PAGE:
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Driving impression: Range Rover Sport





22 May 2014


The all-new Range Rover Sport is probably all the car one could ever need, that is, if you happen to be part of the ten percent who make the big bucks in SA.

It costs a whopping R1,2 million, but you do get quite a few differing personalities packed into one stunning body.

The first car is the family express. The RRS has seating for a family of five and more than enough space for their luggage. Because it’s a Range Rover, it also comes with every conceivable luxury item, including seat heating for the rear bench.

This is the kind of car that eats up the miles. I think a drive town to Cape Town from Johannesburg would be quite relaxing in this car.

The trip would be over fairly quickly as well, which brings me neatly to the other personality. This side of the RRS is a loud, raving lunatic.

Our test mule was the full-fat supercharged 5,0-litre petrol V8. It produces 375kW and 625Nm of torque, which is enough to accelerate it to 100km/h in 5,3 seconds.

These figures, however, are not that expensive. It’s fairly easy to get a car to go fast in a straight line; you just keep on adding horsepower until you get the desired acceleration figure.

It’s an entirely different matter getting it to behave around a corner. In a top-heavy SUV, it’s an almost impossible task, but somehow the engineers at Land Rover have managed to get it right.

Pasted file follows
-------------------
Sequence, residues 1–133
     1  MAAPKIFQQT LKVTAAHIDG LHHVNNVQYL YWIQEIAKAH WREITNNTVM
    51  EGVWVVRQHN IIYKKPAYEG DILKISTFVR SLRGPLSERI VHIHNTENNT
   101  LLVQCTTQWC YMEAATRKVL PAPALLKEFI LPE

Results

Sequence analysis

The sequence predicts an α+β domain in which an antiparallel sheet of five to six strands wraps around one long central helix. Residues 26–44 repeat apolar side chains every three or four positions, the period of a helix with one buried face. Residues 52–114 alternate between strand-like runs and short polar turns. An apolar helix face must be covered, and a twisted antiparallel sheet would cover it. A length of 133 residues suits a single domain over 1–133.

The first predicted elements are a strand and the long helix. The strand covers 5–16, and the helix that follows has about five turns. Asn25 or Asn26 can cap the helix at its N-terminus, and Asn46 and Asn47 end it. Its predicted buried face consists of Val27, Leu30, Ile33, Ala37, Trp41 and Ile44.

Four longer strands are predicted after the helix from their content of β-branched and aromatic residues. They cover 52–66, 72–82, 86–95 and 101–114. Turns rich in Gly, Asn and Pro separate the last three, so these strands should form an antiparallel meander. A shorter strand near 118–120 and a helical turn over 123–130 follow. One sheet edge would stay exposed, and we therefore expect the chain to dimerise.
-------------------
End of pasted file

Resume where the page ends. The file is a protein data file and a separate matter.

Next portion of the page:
Driving the RRS enthusiastically is a strange experience. Your mind constantly wants you to slow down, because and SUV isn’t meant to be driven that way, but the petrol running through your veins call out for even more. It’s not really a problem, because the Sport can easily cope when you’re pushing it hard.

I have no idea how the folks at Land Rover managed to pull this one off, but the RRS feels like a lifted BMW 5 Series. It handles beautifully and it will keep on gripping long after the driver has given up on finding the limits.

It also sounds delicious. That 5,0-litre supercharged Jaguar V8 makes a properly dirty sound. It’s such a lovely noise, in fact, that I think it’s worth forking over R1,2 million just to have that sound in one’s life permanently.

Then there’s the final personality. The one that loves to get down and dirty. I haven’t driven it off-road personally, but my colleague reliably informs me that it’s still a proper Land Rover in this regards.

The RRS has Land Rover’s famous terrain response system, which basically does everything for your. All you have to do is point it, let’s say at the top of a mountain, and a few minutes later you arrive there. It really is as simple as that.

I loved my time with the Range Rover Sport. I can totally see why it’s such a firm favourite amongst the lucky few in SA. It might cost a ridiculous amount of money, but it doesn’t seem so bad considering the fact that you get three cars for the price of one.

Look out for proper road test in an upcoming edition of Leisure Wheels.